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Re: Skin Effect... and More(croft
Subject: Re: Skin Effect... and More(croft
Date: Sat, 03 May 1997 21:42:44 -0700
From: Bert Hickman <bert.hickman-at-aquila-dot-com>
Organization: Stoneridge Engineering
To: Tesla List <tesla-at-pupman-dot-com>
References:
1
Tesla List wrote:
>
> Subject: Re: Skin Effect... and More(croft
> Date: Mon, 28 Apr 1997 21:57:12 +0500
> From: "Alfred A. Skrocki" <alfred.skrocki-at-cybernetworking-dot-com>
> To: Tesla List <tesla-at-pupman-dot-com>
>
> On Mon, 28 Apr 1997 17:40:06 +1200 Malcolm Watts
> <MALCOLM-at-directorate.wnp.ac.nz> wrote;
>
> > > Malcolm, Alfred, and all,
> > >
> > > There's even more wierdness associated with Skin Effect! It turns out
> > > that some current actually does penetrate the conductor's interior. With
> > > increasing depth, the magnitude of this current decreases, AND the phase
> > > is continually retarded. What this really means is that it's possible
> > > that after a certain depth of penetration, current may actually be
> > > flowing in a direction OPPOSITE to that on the surface(!). In such a
> > > case, the effective AC resistance of the conductor would be decreased by
> > > removing the inside part of the conductor - a copper tube will show less
> > > AC resistance than a solid copper rod! This effect _actually occurs_ in
> > > high current busbars coming off the generators at 60 Hz in big power
> > > plants
> >
> > That is very interesting. I settled on a rule of 3 skin depths for
> > secondary wire diameter as it seemed that using much larger copper
> > was not only running into diminishing returns resistance-wise but also
> > reducing inductance unreasonably. For example, I calculated that a
> > total diameter of 8 skin depths was just about the practical limit
> > for reducing resistance but using that wire gauge, inductance is
> > slashed to around 1/4 of its value. Now it seems from what you are
> > saying that one would actually be going backwards by using wire that
> > large.
> >
> > Fascinating post. Any chance a copy of the book could be procured for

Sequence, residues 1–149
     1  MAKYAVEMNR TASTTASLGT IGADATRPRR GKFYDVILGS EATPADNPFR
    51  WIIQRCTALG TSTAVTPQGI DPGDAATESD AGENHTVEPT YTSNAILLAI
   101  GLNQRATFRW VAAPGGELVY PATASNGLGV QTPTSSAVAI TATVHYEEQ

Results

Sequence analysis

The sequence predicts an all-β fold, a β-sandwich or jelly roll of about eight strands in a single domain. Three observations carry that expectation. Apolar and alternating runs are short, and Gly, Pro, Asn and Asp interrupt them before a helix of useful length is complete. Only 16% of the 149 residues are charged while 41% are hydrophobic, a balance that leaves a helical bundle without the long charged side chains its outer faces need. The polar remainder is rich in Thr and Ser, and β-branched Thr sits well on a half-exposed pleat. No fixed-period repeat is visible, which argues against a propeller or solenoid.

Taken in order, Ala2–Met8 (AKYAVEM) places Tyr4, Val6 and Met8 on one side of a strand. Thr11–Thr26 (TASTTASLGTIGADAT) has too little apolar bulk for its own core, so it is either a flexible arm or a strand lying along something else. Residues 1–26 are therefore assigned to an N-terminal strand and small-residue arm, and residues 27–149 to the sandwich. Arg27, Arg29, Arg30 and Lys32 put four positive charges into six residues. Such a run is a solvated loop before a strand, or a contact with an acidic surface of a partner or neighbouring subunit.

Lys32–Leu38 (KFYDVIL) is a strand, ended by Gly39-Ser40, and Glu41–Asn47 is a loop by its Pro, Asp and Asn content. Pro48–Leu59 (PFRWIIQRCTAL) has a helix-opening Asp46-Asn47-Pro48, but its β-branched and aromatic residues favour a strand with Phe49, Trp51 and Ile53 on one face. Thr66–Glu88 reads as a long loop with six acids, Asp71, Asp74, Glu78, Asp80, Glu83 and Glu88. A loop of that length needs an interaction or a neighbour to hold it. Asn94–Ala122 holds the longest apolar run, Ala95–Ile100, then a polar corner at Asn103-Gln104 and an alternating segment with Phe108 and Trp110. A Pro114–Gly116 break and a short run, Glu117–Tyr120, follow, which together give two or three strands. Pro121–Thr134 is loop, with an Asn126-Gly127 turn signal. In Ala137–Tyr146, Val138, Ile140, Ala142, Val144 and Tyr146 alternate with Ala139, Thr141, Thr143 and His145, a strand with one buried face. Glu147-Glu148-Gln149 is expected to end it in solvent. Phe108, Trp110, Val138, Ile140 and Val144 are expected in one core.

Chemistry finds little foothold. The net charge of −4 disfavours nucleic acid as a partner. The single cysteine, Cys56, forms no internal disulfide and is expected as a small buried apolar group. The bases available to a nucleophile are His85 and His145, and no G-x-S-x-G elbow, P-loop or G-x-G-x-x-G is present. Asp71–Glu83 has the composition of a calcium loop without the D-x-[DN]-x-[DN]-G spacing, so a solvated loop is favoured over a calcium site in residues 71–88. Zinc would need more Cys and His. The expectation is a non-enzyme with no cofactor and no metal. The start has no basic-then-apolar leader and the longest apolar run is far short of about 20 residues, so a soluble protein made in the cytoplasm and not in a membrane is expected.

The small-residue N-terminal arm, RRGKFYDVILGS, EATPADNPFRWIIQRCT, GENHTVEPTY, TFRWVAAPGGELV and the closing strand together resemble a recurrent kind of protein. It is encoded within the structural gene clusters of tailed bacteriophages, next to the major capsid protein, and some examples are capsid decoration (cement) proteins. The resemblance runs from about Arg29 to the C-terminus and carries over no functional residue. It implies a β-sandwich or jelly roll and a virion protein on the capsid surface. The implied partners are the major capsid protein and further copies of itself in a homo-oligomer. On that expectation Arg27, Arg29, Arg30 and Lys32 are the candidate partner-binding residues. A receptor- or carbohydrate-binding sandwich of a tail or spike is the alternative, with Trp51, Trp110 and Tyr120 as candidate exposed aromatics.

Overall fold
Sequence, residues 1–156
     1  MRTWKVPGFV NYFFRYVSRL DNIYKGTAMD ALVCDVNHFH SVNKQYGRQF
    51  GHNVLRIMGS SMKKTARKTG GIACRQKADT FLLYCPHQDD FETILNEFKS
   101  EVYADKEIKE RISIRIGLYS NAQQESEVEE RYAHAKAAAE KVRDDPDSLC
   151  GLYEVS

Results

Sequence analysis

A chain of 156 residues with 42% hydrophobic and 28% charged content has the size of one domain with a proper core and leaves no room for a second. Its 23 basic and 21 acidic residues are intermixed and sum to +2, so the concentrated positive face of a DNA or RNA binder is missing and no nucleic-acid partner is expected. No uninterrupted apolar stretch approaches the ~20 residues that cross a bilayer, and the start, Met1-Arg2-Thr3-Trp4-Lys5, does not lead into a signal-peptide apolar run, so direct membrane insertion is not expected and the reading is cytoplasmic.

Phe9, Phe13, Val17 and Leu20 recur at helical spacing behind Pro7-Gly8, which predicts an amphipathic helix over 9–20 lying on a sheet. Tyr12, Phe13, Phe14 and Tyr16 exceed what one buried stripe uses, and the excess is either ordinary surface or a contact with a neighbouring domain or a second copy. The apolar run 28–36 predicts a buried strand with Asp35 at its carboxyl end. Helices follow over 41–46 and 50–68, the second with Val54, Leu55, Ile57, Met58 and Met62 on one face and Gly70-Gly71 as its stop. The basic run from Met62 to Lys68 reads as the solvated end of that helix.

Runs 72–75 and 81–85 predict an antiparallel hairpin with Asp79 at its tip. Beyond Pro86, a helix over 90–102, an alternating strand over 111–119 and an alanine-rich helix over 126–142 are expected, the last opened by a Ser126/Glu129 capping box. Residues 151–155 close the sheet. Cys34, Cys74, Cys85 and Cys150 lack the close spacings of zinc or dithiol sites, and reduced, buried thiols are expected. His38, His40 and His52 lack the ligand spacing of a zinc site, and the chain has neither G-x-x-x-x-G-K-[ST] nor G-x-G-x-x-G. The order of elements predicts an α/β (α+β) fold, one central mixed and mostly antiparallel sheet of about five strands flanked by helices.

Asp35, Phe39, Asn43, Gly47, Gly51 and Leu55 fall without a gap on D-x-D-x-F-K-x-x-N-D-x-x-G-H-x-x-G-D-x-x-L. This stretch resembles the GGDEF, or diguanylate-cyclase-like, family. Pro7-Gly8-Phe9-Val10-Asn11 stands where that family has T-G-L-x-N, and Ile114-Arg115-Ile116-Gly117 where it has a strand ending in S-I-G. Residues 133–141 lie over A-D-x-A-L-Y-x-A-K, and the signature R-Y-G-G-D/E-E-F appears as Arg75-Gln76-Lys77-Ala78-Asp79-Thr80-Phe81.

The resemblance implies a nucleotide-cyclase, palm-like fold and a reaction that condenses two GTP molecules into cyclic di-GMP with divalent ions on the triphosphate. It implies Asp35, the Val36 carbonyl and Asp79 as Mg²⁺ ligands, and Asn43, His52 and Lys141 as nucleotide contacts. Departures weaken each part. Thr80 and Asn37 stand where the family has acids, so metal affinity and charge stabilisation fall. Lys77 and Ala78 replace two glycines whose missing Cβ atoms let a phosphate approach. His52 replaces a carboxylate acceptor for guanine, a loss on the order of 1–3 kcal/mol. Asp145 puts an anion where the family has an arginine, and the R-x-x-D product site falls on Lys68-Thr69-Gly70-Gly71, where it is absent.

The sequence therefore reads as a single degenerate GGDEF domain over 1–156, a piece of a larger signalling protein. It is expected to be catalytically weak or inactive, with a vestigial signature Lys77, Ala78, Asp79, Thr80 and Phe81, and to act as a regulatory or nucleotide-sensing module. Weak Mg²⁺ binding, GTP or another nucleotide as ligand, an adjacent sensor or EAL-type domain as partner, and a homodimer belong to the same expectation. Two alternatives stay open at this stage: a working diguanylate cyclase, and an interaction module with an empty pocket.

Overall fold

> > me?
>
> Book? What book?
>
> Alfred A. Skrocki
The book I was refering to was the very excellent "Principles of Radio
Communication" 3rd Edition, by John Morecroft, John Wiley & Sons, 1943,
pages 177-178. This 1084 page gem is definately worth getting if you
can. I'll repeat a bit of my previous post since this book is really
interesting...
"There's lots of other interesting things in this book as well...
excellent explanations of proximity effect, "resistance" of sparks and
arcs, "best form" for a single-layer solenoid (Diameter = 2.45 x Length
for maximum inductance), spark-gap oscillator characteristics, and a
whole lot more.
For example... on page 302, Morecroft references work done by Zenneck
and J. S. Stone which confirms Malcolm's observation that the decay of
current is, indeed, linear when a spark gap is used in an RLC circuit.
He presents a formula for the tank circuit current which is a function
of the maximum current multiplied by the factor (1-Rt/2L) where R is the
initial resistance of the spark gap, t = time, and L is the tank
inductance.
Morecroft also covers disruptively excited coupled tuned circuits and
their behavior versus k in one of the most lucid manners I've seen thus
far. He also covers the case of "impulse excitation" with a relatively
low-inductance primary - this interesting variation results in a
single, unidirectional pulse in the primary (NO oscillations!), causing
the secondary to ring at its characteristic frequency. Sort of like a
Marx-excited primary circuit. He also show an interesting variation
where the initial energy is stored in the primary inductor, instead of
the capacitor, and the input DC current supply is suddenly openned.
I'll follow-up on some of the other interesting things in this book in a
later post (once I've had a chance to really read more of it!). Add this
book to your list of Tesla Coiling references - its a definate winner!"
I've since located, and ordered the 2nd edition, but am still looking
for a copy of the 1st. Morecroft left even moer interesting
radio-teklegraph material in the earlier editions. Will post som eof the
more interesting things later!
-- Bert --